To date, research on theatresports is scarce. This study is significant in enriching the research in terms of how theatresports can be applied in educational settings as an alternative way to implement positive education and bring about positive outcomes for youth. Owing to the positive results, a practice implication is that the program can be launched in more tertiary educational settings and youth settings. Theatresports can be implemented in the form of interdisciplinary collaboration between theatrical practitioners, education practitioners, and helping professionals such as social workers and psychologists, combining the expertise of each profession to optimize the outcomes [46]. A prerequisite for such program implementation is to provide sufficient resources and adequate training for the professionals involved, so as to enhance their mutual understanding of the disciplines of one another and to facilitate their collaboration [47].

Limitations of the study

This study was a cross-sectional study, which only captured participants' feelings and insights regarding the program specifically at a specific time, rather than investigating how the processes and components of the program contributed to the outcomes. Moreover, the age range of the participants was wide; this study only inquired into the outcomes of the program for the youth participants in general but not for those from different age groups.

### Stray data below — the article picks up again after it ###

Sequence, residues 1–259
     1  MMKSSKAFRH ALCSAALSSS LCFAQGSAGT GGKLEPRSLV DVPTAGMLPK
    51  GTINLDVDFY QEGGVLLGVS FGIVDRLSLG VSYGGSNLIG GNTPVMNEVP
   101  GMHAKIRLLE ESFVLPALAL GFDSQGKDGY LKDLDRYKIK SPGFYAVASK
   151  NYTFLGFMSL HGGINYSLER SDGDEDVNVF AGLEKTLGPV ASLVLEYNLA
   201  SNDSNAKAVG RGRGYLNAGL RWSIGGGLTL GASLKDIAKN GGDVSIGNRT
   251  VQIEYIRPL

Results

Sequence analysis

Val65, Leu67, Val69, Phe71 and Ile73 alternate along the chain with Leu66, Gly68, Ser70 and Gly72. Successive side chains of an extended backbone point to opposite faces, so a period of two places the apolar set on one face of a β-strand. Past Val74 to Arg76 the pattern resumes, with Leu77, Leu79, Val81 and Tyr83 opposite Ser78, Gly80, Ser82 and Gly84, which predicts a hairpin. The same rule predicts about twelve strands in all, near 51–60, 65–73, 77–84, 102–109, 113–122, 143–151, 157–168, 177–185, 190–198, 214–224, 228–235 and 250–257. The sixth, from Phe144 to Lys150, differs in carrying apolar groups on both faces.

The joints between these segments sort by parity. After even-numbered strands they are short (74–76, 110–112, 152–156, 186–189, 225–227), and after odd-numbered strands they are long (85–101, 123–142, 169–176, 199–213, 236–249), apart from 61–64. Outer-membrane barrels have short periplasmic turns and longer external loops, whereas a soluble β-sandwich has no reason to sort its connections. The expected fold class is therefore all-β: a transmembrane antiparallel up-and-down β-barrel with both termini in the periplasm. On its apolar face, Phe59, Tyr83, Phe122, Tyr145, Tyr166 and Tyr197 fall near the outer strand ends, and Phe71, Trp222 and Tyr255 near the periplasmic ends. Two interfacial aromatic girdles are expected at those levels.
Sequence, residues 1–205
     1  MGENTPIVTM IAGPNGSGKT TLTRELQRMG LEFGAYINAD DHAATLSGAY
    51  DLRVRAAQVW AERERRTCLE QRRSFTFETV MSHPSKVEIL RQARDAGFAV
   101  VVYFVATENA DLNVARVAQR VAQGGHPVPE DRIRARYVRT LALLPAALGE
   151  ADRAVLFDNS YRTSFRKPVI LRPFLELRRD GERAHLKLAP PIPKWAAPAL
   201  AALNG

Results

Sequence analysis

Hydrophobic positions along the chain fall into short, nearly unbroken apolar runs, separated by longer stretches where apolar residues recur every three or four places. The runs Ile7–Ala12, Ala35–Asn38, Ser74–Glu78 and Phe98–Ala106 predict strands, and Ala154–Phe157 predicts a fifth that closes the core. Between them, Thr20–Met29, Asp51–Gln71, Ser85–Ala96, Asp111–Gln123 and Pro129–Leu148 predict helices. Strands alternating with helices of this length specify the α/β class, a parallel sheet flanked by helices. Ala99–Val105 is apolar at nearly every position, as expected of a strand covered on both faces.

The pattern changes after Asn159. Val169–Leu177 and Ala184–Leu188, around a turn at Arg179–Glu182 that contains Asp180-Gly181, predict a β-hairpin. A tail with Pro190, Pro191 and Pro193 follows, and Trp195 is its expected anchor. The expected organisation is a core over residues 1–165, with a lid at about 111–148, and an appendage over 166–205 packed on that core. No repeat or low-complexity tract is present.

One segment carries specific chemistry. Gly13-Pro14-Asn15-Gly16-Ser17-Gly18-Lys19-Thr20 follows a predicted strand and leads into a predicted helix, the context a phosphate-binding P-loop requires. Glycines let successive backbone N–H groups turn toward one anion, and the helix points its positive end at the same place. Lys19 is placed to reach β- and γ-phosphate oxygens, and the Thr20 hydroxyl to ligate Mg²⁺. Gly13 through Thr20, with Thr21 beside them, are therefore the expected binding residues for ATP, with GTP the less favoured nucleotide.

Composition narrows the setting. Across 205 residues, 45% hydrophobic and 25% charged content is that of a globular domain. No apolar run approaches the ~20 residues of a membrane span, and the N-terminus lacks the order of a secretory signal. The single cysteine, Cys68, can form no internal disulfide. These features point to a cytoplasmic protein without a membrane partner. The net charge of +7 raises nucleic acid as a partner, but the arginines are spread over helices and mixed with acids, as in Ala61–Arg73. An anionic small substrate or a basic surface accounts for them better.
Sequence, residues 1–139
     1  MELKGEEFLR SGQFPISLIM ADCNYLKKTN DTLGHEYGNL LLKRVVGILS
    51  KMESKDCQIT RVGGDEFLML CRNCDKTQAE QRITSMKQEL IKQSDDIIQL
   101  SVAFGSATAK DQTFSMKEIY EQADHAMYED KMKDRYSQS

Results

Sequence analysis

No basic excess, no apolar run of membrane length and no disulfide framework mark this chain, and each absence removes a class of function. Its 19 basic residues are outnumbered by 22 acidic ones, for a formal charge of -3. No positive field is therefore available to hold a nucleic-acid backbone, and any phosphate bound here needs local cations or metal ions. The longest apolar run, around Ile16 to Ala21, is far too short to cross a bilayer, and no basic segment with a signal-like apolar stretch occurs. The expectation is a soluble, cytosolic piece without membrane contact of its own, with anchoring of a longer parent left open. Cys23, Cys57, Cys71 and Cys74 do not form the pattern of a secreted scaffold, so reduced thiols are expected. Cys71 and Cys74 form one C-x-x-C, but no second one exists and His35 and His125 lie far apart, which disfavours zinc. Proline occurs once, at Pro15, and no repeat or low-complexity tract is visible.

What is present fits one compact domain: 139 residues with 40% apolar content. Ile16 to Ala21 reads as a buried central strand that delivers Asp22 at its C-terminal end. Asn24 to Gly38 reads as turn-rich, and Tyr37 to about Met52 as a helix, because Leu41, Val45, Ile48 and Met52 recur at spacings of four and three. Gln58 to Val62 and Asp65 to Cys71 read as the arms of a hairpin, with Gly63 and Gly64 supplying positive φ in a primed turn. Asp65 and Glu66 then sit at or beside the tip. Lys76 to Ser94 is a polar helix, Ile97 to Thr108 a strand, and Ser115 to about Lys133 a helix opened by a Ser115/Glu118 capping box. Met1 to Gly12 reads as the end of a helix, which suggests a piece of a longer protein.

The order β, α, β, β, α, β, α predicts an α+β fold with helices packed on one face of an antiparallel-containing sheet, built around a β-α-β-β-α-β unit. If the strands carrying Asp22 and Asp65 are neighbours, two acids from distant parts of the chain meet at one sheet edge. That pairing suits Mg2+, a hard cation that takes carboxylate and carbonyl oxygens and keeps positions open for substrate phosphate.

Future research

In the future, quantitative research could be conducted to reconfirm the qualitative outcomes of implementing theatresports as a form of positive education. Additionally, a longitudinal study could help to understand program participants’ involvement at different points in time and how this affects the program outcomes. Furthermore, such a study could be conducted for different age groups.

Availability of data and materials

The data that support the findings of this study are available on request from the corresponding author, Gloria Hongyee Chan. The data are not publicly available because they contain information that could compromise research participant consent.


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This research is supported by Evangelical Lutheran Church Social Service – Hong Kong (ELCSS-HK).

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Authors and Affiliations



Gloria Hongyee Chan: Methodology, Formal analysis, Investigation, Data curation, Writing—original draft preparation, Visualization, Supervision, Project administration, Funding acquisition. T. Wing Lo: Validation, Resources, Writing—review and editing, Funding acquisition. Johnny S.C. Fung: Writing – review and revision. The authors read and approved the final manuscript.

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Correspondence to Gloria Hongyee Chan.

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The research was approved by the Research Ethics Committee of City University of Hong Kong. All methods were carried out in accordance with procedures and guidelines of Human Subjects Ethics Sub-Committee of City University of Hong Kong and the Social Workers Registration Board. Also, informed consent was obtained from all participants. All methods were carried out in accordance with the guidelines and regulations of the Declaration of Helsinki.

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Chan, G.H., Lo, T.W. & Fung, J.S.C. Use of theatresports to promote positive education among youth participants. BMC Public Health 23, 913 (2023).